Check out a free preview of the full Cross-Platform Mobile Apps with Flutter course

The "Introduction" Lesson is part of the full, Cross-Platform Mobile Apps with Flutter course featured in this preview video. Here's what you'd learn in this lesson:

Maximiliano Firtman begins the course by explaining the system requirements and development tooling required to make applications with Flutter. Developers can use Windows, Mac, Linux or ChromeOS to create applications. In order to compile an iOS application, a Mac computer is required.


Transcript from the "Introduction" Lesson

>> Welcome to Introduction to Flutter Workshop at Frontend Masters. My name is Maximiliano, I can go with Max. I'm @firt on Twitter, my website, and actually I'm a mobile/web developer. So I've been doing web development since 1995, and mobile app development since 2001, that's before Android, before iPhone.

And I'm from Argentina, I'm actually living in Buenos Aires. So before the pandemic, I was actually a frequent traveler and I'm getting back to it. So we're going to jump directly into our topic. So we're going to be making an app today in this framework known as Flutter.

So we're going to cover first, the basics of Flutter as a framework, as a platform, and also the basics of Dart. Dart is going to be the language that we're going to use to write Flutter applications. We are going to understand all the tools that we need first.

So everything that we need to install to actually make Flutter applications. If you are VS Code developer, so if you like to use Visual Studio Code, you can use it. If you prefer things like JetBrain IDEs, you can also use Android Studio. So, we're going to see how to test and debug your app, so how that works.

How to create and design your user interface. So what are the main differences compared with other frameworks, including maybe HTML, so what are the differences? Then how to navigate between screens, how to work with data, including how to access web services. So how to make HTTP requests using the Flutter framework.

And finally, we're going to see how to make not just mobile applications for iOS and Android, those are our main goals today. We're going to see also how to make a progressive web app, a PWA. A progressive web app for now, as a quick spoiler, it's actually a website with some kind of superpowers that can convert itself into an offline capable installable app in your device, including desktop and mobile devices, okay?

But that's a spoiler for the end of the workshop. So pre-requisites, I am assuming that you know programming in any language with OOP. So if you know what a class is, an object, an instance, a method, a variable, okay, you're good to go. In that website,, you have a companion website, if you wanna follow along with what I'm doing.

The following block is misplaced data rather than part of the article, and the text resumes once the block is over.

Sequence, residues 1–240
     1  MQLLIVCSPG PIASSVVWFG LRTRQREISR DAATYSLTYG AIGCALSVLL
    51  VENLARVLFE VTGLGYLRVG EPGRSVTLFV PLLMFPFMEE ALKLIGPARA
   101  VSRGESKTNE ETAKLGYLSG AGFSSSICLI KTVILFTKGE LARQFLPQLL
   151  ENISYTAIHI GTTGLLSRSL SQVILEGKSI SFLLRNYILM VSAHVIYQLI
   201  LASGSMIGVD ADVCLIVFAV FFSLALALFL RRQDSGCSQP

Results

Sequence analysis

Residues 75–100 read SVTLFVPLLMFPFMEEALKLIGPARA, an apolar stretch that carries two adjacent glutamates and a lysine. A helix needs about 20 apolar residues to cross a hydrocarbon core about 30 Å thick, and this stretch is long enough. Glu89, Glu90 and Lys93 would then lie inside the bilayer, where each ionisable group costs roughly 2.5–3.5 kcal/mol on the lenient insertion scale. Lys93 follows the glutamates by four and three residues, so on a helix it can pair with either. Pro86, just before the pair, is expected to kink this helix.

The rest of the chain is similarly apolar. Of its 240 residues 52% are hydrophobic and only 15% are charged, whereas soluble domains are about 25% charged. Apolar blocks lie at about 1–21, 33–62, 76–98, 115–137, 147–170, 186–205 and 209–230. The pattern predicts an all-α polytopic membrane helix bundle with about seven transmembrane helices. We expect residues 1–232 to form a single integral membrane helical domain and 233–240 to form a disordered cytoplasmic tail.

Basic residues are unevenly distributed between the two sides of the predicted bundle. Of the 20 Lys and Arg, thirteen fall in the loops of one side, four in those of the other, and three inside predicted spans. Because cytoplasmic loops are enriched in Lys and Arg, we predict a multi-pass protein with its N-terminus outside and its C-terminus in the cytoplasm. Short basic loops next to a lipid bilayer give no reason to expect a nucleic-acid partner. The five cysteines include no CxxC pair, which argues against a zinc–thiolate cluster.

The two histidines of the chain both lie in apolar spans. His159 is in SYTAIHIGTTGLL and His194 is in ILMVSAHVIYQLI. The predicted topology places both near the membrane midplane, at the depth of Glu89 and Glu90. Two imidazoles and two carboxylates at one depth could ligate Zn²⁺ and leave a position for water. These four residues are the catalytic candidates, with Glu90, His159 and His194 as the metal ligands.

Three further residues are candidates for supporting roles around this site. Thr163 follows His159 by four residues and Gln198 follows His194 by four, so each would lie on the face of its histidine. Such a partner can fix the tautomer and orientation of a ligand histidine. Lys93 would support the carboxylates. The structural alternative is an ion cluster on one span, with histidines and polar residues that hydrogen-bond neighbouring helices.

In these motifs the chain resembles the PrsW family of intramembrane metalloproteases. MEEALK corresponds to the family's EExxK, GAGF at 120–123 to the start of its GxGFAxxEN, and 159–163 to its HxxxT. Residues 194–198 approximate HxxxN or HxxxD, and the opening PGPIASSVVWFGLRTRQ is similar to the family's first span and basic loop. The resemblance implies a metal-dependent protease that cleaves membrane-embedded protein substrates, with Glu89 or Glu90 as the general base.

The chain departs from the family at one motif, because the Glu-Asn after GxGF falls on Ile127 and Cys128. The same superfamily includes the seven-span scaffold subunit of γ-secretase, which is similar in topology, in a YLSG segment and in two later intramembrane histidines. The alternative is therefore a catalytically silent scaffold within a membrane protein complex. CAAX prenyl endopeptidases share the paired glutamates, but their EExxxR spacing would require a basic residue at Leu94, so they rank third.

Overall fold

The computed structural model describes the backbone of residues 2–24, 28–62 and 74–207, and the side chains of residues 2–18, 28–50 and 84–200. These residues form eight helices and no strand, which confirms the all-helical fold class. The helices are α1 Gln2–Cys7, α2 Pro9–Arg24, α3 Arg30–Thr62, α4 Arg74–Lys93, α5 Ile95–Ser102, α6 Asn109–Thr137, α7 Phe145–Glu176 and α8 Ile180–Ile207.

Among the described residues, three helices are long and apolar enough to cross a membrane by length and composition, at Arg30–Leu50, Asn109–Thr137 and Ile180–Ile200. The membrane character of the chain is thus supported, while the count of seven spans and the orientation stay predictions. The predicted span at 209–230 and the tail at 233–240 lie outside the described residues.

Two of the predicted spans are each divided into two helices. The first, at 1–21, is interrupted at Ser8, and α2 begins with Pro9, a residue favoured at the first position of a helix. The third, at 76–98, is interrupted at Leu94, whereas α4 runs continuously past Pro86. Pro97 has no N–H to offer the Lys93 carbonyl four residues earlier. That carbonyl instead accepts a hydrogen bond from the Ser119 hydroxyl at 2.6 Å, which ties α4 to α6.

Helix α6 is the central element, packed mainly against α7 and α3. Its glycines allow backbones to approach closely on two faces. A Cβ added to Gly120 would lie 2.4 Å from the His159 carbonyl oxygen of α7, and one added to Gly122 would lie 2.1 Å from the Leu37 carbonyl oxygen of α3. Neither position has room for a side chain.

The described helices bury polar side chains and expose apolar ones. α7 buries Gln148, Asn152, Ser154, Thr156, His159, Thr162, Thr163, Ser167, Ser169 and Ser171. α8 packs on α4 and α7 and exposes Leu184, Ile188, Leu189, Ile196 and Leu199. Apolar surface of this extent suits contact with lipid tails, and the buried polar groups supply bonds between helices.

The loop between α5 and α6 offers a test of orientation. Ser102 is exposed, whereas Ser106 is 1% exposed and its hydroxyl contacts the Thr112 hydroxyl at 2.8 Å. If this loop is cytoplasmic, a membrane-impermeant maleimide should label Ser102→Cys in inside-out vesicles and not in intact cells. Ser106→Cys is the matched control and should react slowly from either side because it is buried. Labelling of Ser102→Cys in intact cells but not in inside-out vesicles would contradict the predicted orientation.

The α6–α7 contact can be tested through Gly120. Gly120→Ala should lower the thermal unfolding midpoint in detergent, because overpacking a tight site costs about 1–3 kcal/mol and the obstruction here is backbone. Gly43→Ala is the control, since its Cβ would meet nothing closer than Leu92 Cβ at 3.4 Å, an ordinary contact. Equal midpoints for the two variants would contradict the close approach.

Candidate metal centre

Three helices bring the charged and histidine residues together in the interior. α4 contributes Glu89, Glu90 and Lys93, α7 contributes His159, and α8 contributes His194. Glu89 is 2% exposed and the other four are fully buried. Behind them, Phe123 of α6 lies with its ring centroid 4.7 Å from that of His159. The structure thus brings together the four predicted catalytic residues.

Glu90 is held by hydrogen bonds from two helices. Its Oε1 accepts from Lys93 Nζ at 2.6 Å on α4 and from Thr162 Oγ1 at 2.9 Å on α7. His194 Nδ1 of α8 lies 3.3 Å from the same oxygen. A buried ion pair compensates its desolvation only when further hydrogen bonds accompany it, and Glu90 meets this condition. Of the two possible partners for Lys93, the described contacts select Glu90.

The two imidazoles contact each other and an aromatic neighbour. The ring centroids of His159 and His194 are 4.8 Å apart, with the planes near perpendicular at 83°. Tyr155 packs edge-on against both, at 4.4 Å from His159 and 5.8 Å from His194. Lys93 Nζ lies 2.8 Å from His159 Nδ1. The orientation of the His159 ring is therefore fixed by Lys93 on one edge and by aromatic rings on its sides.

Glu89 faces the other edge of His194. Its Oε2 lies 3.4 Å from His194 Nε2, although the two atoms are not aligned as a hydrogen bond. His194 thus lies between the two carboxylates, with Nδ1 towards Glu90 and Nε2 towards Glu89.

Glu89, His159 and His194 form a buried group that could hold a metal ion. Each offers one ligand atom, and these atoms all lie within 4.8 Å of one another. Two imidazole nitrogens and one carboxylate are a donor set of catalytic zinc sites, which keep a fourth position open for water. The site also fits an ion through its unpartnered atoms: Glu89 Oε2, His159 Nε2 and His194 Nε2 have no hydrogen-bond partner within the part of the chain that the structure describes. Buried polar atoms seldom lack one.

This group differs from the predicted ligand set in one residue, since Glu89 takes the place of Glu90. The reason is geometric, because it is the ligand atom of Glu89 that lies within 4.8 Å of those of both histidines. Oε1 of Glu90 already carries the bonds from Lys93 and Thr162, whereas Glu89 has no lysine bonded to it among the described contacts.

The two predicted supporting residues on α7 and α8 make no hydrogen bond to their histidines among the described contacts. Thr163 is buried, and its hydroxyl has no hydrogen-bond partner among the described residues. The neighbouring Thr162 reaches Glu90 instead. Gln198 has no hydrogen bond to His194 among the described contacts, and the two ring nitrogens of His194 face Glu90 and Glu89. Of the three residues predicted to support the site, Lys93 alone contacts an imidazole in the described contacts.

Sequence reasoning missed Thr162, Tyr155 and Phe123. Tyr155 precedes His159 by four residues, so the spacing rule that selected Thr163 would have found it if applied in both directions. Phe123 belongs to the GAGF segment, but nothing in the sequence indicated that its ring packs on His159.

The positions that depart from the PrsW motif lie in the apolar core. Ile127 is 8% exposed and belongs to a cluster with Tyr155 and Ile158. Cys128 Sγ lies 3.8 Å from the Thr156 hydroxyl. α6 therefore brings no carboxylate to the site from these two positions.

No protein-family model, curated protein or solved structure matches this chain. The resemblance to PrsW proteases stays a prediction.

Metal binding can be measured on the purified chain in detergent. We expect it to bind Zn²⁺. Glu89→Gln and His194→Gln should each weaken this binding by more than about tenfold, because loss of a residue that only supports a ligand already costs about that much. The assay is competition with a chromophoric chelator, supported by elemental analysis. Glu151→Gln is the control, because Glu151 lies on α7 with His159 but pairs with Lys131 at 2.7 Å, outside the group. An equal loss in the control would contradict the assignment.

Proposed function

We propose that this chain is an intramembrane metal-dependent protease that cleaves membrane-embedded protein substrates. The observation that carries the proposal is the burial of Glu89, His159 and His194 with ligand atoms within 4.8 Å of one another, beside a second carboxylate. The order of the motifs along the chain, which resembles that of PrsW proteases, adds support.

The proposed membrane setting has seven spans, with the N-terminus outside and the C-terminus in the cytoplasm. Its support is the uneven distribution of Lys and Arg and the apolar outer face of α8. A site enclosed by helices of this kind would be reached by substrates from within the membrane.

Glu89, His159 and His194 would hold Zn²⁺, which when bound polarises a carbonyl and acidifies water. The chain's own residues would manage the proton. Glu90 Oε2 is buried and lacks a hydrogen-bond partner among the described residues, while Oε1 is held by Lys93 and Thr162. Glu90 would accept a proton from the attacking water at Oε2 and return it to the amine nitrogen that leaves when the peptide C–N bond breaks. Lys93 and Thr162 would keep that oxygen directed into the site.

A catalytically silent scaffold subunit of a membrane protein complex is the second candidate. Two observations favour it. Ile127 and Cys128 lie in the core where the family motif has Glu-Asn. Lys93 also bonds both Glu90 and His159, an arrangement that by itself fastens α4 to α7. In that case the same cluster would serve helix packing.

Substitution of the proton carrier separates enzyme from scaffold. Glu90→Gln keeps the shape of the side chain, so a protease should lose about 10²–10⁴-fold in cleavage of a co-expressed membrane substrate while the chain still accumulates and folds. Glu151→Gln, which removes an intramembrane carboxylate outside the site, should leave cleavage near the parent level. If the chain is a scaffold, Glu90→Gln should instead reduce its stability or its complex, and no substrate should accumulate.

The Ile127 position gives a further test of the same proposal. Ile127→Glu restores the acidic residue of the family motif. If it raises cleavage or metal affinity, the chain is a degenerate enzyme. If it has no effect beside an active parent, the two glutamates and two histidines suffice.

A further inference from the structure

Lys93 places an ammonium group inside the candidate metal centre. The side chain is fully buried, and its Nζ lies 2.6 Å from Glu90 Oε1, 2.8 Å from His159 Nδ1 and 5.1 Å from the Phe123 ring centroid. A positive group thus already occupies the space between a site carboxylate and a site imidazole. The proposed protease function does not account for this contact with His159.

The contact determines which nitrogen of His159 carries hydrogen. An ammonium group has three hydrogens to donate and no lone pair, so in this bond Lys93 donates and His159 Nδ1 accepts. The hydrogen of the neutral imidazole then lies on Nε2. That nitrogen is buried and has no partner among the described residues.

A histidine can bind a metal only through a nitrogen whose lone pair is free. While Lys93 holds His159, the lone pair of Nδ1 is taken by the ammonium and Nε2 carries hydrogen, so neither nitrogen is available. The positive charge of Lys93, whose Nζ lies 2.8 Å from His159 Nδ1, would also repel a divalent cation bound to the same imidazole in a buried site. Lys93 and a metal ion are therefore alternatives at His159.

I'm going to push my code into GitHub but also you have there all the steps and the code in case you wanna copy and paste. The code might not be 100% the same as the one that I will be doing while live coding, but it's going to be pretty similar.

So there also we have the slides, in case you wanna download and see my slides. That is just for the first part of the training, most of the workshop will be live coding, and the links for the requirements that we need to install. And then I wanna start with that, so I will get out of the presentation for a minute and I will go to that website.

Because I want you to start installing and downloading everything you need, because it may take time, it depends on your connection, it might take some time. So, one good news first is that even if you have problems installing all the tools, you can still do Dart coding and even Flutter coding on the web.

So there are a couple of websites that you can use to actually even write your user interface and test your user interface without installing anything. But of course, we will install all the tools and run everything locally. But in case you just wanna play with this, have in mind that you can play with this online, and that's not possible on other, or it's not so simple on other platforms, okay?

So, if you go to, again,, you will see here the table of contents, TOC, and in inside introduction, you have here the requirements. The first requirement is for you to install Flutter. Flutter, the SDK, is actually available for Mac, Windows, Linux, and even Chromebooks. And if you click on this link, you will go directly to the installation website.

It's just a big zip file for every platform, it's like 1.5 to 2.5 gigabytes. You will download that zip file and you just need to unzip that file, so there is no installer there, okay? So you just unzip the contents of Flutter for your operating system. And if you click on each operating system, you will also find instructions on how to update your path.